It's amazing and a bit embarrassing just how much "stuff" one accumulates without thinking about it. Maybe you are a scrap booker, maybe a quilter, stitcher or maybe like me, a dabbler in several creative excursions, but eventually we all end up with loads and loads of "stuff".
Every so often I think I should just put a lot of it on Ebay and sell it. I pick the pattern or object up and then fall in love with it all over again. After all, I bought it with the original intention of making something out of it, so how could I get rid of something that has so much potential?
So here and now I'm going to publically set a goal. I'm specifically going to focus on the growing fabric pile in the corner of my room. My goal is to work this entire fabric pile into usable items by December of next year. This pile will be changed into quilts, rugs and various items by the end of the year. If Eleanor Burns can make a quilt in a day, I should be able to at least make a project or quilt top a month.
Laying on my mother's bed back home is a Grandmother's Flower Garden quilt that she received after one of my grandmother's passing. The individual hexagons were made out of shirtings from one of the grandfather's old shirts. I love the concept of waste not, want not and nothing illustrates that more than this quilt.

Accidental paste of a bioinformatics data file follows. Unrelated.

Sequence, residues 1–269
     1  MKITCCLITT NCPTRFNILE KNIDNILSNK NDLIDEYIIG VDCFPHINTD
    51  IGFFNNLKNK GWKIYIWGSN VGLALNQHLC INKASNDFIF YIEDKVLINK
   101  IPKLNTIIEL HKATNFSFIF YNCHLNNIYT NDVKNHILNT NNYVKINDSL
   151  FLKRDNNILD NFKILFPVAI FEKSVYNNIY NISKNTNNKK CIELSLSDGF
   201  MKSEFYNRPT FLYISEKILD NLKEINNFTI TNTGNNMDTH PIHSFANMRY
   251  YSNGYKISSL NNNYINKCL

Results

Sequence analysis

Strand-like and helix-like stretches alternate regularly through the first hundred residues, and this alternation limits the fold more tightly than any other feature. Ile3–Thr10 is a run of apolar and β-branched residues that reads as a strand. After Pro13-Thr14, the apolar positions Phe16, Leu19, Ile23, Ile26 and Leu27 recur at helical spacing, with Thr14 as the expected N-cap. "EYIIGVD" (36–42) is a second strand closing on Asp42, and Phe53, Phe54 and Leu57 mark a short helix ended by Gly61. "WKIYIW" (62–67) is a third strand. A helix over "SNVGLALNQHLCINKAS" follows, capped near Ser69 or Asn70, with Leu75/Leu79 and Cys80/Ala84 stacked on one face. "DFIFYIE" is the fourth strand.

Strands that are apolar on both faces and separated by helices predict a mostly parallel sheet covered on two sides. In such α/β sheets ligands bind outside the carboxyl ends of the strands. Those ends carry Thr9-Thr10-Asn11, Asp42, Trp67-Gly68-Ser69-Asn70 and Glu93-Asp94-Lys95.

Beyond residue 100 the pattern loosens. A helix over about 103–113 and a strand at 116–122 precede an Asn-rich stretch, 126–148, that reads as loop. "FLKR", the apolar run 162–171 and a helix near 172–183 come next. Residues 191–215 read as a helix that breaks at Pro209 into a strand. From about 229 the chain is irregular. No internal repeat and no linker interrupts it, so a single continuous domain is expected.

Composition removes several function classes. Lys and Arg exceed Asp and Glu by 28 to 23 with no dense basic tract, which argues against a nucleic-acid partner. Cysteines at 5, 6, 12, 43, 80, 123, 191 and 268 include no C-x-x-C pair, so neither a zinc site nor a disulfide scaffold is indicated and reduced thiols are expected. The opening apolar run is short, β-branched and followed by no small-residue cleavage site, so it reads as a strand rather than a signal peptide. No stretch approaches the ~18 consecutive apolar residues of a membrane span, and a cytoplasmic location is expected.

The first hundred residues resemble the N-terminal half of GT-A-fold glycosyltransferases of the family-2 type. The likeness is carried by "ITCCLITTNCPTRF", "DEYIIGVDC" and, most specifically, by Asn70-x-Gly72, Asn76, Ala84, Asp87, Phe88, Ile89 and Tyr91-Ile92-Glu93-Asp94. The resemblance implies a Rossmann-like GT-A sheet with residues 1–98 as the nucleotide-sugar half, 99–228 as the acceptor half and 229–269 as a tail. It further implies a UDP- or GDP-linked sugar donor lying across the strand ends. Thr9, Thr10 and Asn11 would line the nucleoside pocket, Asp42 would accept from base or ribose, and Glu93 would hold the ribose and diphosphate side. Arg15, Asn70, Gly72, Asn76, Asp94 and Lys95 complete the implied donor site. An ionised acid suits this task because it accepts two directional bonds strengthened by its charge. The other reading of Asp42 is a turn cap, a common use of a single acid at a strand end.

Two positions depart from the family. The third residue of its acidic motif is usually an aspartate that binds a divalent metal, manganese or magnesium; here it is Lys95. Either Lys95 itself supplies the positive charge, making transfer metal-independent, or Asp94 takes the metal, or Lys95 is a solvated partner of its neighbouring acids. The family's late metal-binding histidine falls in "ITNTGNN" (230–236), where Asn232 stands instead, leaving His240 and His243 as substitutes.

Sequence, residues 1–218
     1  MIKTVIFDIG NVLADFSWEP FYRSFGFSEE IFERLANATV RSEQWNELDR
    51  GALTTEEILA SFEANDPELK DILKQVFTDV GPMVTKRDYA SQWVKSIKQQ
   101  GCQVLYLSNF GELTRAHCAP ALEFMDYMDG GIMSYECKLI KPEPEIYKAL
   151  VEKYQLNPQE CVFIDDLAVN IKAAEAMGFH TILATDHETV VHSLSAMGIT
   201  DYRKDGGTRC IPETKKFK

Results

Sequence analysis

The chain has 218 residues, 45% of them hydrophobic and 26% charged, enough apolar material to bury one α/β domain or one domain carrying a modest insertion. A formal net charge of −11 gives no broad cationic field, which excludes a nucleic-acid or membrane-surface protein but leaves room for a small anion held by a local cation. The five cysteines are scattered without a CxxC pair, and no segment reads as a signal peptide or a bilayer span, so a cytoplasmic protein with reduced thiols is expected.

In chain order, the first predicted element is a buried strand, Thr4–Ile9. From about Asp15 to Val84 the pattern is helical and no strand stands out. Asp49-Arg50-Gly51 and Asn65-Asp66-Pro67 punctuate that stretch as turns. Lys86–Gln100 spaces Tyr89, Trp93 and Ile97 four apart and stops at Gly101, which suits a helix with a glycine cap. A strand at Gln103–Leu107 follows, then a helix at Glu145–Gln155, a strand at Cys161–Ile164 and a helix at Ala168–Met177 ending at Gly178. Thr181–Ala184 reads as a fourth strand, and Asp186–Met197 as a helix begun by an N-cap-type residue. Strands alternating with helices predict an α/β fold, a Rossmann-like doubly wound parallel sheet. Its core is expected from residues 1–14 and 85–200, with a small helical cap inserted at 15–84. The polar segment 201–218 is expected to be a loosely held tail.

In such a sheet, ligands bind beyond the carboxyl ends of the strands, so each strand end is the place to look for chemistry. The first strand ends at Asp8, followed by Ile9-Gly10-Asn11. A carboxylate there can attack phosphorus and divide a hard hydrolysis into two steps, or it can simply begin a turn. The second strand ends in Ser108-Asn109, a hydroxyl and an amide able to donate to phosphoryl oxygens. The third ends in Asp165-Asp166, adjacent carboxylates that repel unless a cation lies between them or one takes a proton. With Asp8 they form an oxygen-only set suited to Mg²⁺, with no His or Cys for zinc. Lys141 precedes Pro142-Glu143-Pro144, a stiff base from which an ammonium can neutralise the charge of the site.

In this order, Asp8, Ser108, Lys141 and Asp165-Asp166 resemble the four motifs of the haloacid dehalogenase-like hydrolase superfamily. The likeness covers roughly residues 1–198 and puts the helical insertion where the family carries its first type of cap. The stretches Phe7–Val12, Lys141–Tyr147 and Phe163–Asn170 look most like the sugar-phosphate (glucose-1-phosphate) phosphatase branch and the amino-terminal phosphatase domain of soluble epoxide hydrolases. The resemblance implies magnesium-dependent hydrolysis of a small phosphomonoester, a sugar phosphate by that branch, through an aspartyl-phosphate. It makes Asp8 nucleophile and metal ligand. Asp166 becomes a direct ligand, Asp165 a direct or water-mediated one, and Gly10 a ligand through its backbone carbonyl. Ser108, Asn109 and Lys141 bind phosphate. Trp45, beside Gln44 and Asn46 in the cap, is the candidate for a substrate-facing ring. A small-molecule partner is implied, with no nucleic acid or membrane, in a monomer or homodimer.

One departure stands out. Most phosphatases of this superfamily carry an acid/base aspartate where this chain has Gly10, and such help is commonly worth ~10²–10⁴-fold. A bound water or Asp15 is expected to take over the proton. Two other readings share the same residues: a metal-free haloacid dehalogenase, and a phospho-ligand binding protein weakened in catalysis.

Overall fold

But while, I've always loved the Grandmother's Flower Garden quilts with their little hexagons but with my busy life, sitting there and stitching each little patch isn't going to happen. Also, I've never liked the busyness of the final quilt when it's patched together.
My first project is going to be out of Ms. Burn's book, specifically her "Egg Money Quilts".
This uses up various bits and bobs of materials and looks so stellar when it's done. Unlike the old quilts, this one uses a cheater's method to get a similar look without as much effort. Truly a win-win!
The first step in making this is to get some template plastic at your local craft store. It'll be found near the quilting notions and the cost is really reasonable. Trace your three patterns onto the template plastic and cut out as so:
Next, on the wrong side of your fabric draw your shape and cut it out. Taking some interfacing, I used craft weight, put your right side down on top of the bumpy side of the interfacing. Sew your piece to the interfacing.
Cut out and on the interfacing side, make an incision with your scissors. Turn the right side out. I use my fingers to turn it out as much as I can then the closed scissors to gently pick out the points.
|Turning it inside out.|
Once you have it picked out I also tug on the legs to make sure that they are as straight as I with my mediocre sewing skills can muster. I then lay the background square and each piece down until I've created a "flower" I like.
|Lay down the flower pieces until you have a "flower" you like. Mix and match!|
Then sew around the outside edges. I like the blind hem stich and park the walking foot right on the edge so it "bites" into the fabric at intervals. I used black thread to mimic the old 1930's quilts.
|Blind Hem Stitch|
|Riding the edge.|
When it's securely down, now take the smallest template and mark where the 'hexagon' is. Stitch straight lines to mimic the look that each one was pieced.
When you have a variety of patches, determine the layout. I'll show you mine next week.